The Greenwashing is a communication strategy used to increase the sales of a product advertised as environmentally friendly even when it’s not environmentally friendly at all. Words like: “Organic, Natural, Eco-friendly” are distorted and used in a misleading way to give the product a low or no environmental impact. A total Brainwash…. The words eco today is used for everything, even the detergents are advertised as ecological and if you’re not sure how much use them do not worry, they just ivent the Eco-dose! To clean the house we need a specific product for each material and if you are thinking to clean the kitchen with the same detergent you use to clean the bathroom beware, your son could crawl on a stretch of neurotoxic substances. So we must buy different and specific detrgents.. One to clean the dishes, one for the bathroom, one for glasses, one for the silverware, one for furniture, one for the car, one for the body, one for hair etc… Beside these, there are the complementary: laundry softeners, limestone protectors, floor’s wax, deodorants, etc.. But why a detergent pollutes and how much a detergent pollutes?
The surface tension is a force produced by the cohesive forces of a body. This explains why water forms droplets on a glass surface instead of relax (wet). The Surfactants are substances with properties of foaming, wetting agents, detergents and water soluble. They are divided into 4 categories anionic, cationic, amphoteric and nonionic surfactants. These substances lower the surface tension of water making the water literally able to remove, wrap and take away the dirt. The only natural surfactants are the anionic carboxylates (soaps) all the others are produced using petroleum derivatives. The excessive presence of calcium and magnesium in the water “hardens the water” by lowering the power of surfactants that so, are mixed often with additional substances (highly polluting) as the “Phosphate” and “water’s softners” which make the action of surfactants more effective, or silicates to protect against corrosion. The surfactants can decay by aerobic way (with oxygen) such as when left in contact with air or by anaerobic way (without oxygen) such as in muddy seabed. There are products on the market that are advertised as 100% biodegradable. It must be said that the Regulation (EC) No 648/2004 of the European Parliament and the Council of 31 March 2004, introduces an interesting classification of biodegradability. There is the primary Biodegradability where microorganisms transform the surfactant, which loses its surfactant properties and Final biodegradability, where the surfactant is completely removed (mineralized) by the micro organism. According to the decision of the Board of 24 June 2011 establishing the ecological criteria for the award of the eco-label European Union (EU Eco-label) to hand dishwashing detergents: “Each surfactant used in the product shall be quickly biodegradable. The surfactants are considered quickly biodegradable if the level of biodegradability (mineralization) measured according to one of the five test methods used is at least 60% within 28 days. The surfactants non-biodegradable in anaerobic environment can be used in the product, provided they are not surfactant H400/R50 classification (highly toxic to aquatic organisms) and respecting the limit of 0.20 g for the recommended dose for one liter of water to wash the dishes and still the Final degradability under anaerobic conditions must be at least 60%. “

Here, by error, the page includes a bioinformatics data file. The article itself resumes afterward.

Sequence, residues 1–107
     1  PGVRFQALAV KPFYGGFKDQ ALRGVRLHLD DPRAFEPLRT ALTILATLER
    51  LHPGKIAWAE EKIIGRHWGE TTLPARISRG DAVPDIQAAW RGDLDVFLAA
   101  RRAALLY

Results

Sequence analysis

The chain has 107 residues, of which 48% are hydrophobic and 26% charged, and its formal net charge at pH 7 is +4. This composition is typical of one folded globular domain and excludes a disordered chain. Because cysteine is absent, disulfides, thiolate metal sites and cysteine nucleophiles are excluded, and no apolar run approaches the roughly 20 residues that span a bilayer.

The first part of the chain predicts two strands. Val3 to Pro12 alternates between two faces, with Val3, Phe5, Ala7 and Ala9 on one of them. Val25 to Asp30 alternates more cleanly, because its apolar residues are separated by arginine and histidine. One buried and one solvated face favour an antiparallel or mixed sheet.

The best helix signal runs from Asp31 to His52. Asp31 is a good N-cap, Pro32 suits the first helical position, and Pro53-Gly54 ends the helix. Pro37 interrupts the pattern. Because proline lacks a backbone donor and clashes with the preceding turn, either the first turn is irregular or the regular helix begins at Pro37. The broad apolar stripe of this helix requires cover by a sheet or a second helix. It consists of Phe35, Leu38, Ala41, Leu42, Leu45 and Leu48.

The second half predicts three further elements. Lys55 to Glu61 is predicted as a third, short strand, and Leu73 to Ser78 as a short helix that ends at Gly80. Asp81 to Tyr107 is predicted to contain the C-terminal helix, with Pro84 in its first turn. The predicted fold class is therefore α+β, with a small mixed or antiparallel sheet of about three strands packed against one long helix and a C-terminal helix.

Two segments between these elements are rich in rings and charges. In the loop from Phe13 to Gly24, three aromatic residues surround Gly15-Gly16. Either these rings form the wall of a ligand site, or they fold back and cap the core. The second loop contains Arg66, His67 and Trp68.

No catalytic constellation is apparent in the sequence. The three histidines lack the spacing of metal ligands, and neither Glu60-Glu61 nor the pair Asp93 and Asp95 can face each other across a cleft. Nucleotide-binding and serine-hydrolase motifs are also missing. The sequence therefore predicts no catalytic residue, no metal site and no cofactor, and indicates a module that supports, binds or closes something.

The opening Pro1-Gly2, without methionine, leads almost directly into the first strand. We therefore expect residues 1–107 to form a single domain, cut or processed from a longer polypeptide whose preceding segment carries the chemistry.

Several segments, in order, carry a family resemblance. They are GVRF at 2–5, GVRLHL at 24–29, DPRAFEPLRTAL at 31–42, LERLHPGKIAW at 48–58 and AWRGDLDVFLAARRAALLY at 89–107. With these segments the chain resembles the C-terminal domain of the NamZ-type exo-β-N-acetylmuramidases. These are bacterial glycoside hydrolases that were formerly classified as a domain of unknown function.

In other words, it is not possible to know if a detergent is 100% biodegradable and we can only say that it is “easily, quickly or completely” biodegradable. In addition, the Commission requires a final biodegradability of 60% which means that 40% of surfactants used in detergents for dishes (which could be non-biodegradable in the anaerobic environment) can be accumulate in the riverbed and lakebed and disrupt the surrounding ecositema . So be aware and be very careful when it comes to choose a detergents that boast of being 100% biodegradable. The latest to come up in the packaging industry is the bio-plastics. A plastic that is derived from the use of natural substances such as cornstarch, potatoes or wheat. One more Green illusion. Apart from the fact that I think it’s a crime to let corporations to buy millions of hectares of agricultural land in poorer countries, removing them from the local community, to plant endless genetically modified corn fields to produce bio-diesel or bio-plastic which is then sold in rich countries. Definitely a step forward was taken by trying to reduce the use of traditional plastics, but this does not solve the problem that must be tackled at its root. Any product which is sold on a shelf in a supermarket has behind itself a very different story than the publicized ecological one. It starts from the extraction or cultivation of the materials needed to manufacture the product and its packaging and then it passes through the various stages of processing, using many machines that normally use fossil fuels to operate. Machinery that release gases and toxic liquids as wate products. Once packaged, the product begins its journey around the world carried by ships, planes and trucks for thousands of kilometers and then after a few minutes use it goes to it’s end in a incinerators that in Italy are often also called cancer exploiters.
So if you think you’re doing a favor to your planet because you are using recycled paper napkins, cutlery, plates and glasses of Bio-plastic or a 100% biodegradable detergent, would be good to keep in mind that no matter how it is advertised, there are not disposable green products.
It is the disposable concept that is no-compatible with the environment.
If you really want to please the seals or the polar bears, glaciers and forests, yourself or your grandchildren… It’s time to turn off the television, begin to self-produce detergents and stop to BUY & CONSUME compulsively!